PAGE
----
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  Classical Editor Rob Barnett    


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Jean SIBELIUS (1865-1956)
Symphony No 2 in D major, Op 43
Finlandia, Op 26
The Cleveland Orchestra/Yoel Levi
recorded in the Masonic Auditorium, Cleveland, Ohio, 2 April 1984
TELARC CD-80095 [48'51"]


I’ve recently been sent three Telarc reissues for review, all conducted by Yoel Levi - this excellent Sibelius 2; an enjoyable Mussorgsky collection, including Ravel’s orchestration of Pictures at an Exhibition (CD-80296); and a superb Mahler 6 (CD-80444). Following hard on the heals of Peter Hill’s listing, on BBC Radio 3’s ‘Record Review’, of Levi’s Sacre du printemps as the No 1 recording (CD-80266) of Stravinsky’s premier league test-piece it’s good to be reminded of Levi’s impressive credentials and achievements.

Dating from the early digital era, this disc was recorded with the Cleveland Orchestra, before Levi took up his post in Atlanta. But you’d never know, such is the maturity of the music-making; and the warmth, clarity and weight of the recording. I use the word ‘maturity’ here advisedly, because you’d never guess that a young man was at the helm. Everything is impeccably judged, and nothing is overstated. In the finale in particular, he avoids any suggestion of excess or vulgarity. And yet only those accustomed to top-gear performances could possibly be disappointed.

The recording is admirably faithful. No wonder Telarc’s early CDs quickly acquired a reputation for genuinely high fidelity. The strings in the opening bars have a lovely, velvety tone, whereas the woodwinds’ chattering phrases have a crystalline clarity and the sense of front-to-rear perspective heightens the contrasts in Sibelius’ material. In the haunting second movement, the multi-dimensional nature of the recording illuminates the scoring of the walking bass (shared between cellos and double-basses) beautifully. To crown it all, the closing pages have a tremendous depth and weight. In terms of sound, this is second to none in the catalogue.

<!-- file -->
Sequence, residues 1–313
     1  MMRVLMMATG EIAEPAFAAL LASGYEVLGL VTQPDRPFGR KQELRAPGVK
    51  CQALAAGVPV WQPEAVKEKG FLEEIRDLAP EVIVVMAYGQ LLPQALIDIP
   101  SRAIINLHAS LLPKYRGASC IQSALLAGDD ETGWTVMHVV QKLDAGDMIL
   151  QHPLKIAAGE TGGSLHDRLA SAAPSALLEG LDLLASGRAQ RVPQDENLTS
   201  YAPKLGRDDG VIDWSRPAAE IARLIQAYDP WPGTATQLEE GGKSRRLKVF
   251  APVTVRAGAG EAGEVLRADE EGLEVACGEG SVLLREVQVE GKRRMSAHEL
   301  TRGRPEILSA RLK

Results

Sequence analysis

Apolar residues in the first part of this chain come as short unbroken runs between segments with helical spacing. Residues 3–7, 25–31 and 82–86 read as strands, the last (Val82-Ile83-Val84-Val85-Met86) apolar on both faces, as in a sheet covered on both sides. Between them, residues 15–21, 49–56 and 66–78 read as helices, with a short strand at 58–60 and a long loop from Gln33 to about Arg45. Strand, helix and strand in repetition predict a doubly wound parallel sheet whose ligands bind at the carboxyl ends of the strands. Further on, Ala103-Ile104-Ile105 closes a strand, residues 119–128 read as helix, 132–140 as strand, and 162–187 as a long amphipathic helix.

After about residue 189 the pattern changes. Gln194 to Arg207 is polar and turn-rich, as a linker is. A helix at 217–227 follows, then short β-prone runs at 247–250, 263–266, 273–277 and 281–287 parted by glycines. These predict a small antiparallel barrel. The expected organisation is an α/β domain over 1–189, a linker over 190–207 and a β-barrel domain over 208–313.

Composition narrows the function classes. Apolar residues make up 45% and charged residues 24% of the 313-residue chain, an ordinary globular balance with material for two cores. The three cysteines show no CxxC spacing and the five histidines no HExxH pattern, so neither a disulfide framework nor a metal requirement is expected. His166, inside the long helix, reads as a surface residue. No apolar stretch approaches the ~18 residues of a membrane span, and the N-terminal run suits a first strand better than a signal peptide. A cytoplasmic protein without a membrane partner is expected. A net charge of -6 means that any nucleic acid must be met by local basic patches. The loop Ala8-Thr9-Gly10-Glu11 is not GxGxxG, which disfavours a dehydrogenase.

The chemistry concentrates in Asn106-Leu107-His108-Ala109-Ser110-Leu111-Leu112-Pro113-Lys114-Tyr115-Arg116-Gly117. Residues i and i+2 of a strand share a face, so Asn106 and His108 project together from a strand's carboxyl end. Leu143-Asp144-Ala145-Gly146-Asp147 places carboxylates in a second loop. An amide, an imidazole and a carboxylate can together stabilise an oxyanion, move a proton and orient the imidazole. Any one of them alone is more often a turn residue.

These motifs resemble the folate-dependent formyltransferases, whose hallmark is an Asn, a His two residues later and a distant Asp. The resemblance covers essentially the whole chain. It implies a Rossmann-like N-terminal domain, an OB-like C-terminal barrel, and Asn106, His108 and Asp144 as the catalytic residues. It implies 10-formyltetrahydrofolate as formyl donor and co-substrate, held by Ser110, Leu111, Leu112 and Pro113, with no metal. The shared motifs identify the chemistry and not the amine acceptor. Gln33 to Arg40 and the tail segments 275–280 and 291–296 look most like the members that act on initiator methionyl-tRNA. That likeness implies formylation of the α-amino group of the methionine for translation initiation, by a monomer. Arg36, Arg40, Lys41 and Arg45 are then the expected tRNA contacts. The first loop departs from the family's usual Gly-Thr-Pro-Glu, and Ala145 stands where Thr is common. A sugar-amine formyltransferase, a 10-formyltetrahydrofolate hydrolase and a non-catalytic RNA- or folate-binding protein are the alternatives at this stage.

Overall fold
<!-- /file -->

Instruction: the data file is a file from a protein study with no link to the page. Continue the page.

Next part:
Levi is one of that rare breed of artists who give you what the composer wrote, without any intrusive ‘interpretation’. This is a performance to live with - a disc of the Second Symphony, not the Second Symphony seen through the eyes of X, Y or Z. What a pity about the coupling, though. Competitors generally offer you another symphony, and (on a reissue of a 20-year-old performance!) that is what we ought to have here. ‘Beginners’ wanting to build a Sibelius collection need look no further than the legendary Ashkenazy-Philharmonia performances on Decca - a matchless bargain. But do try to hear Levi too!

Peter J Lawson

see also review by Rob Barnett



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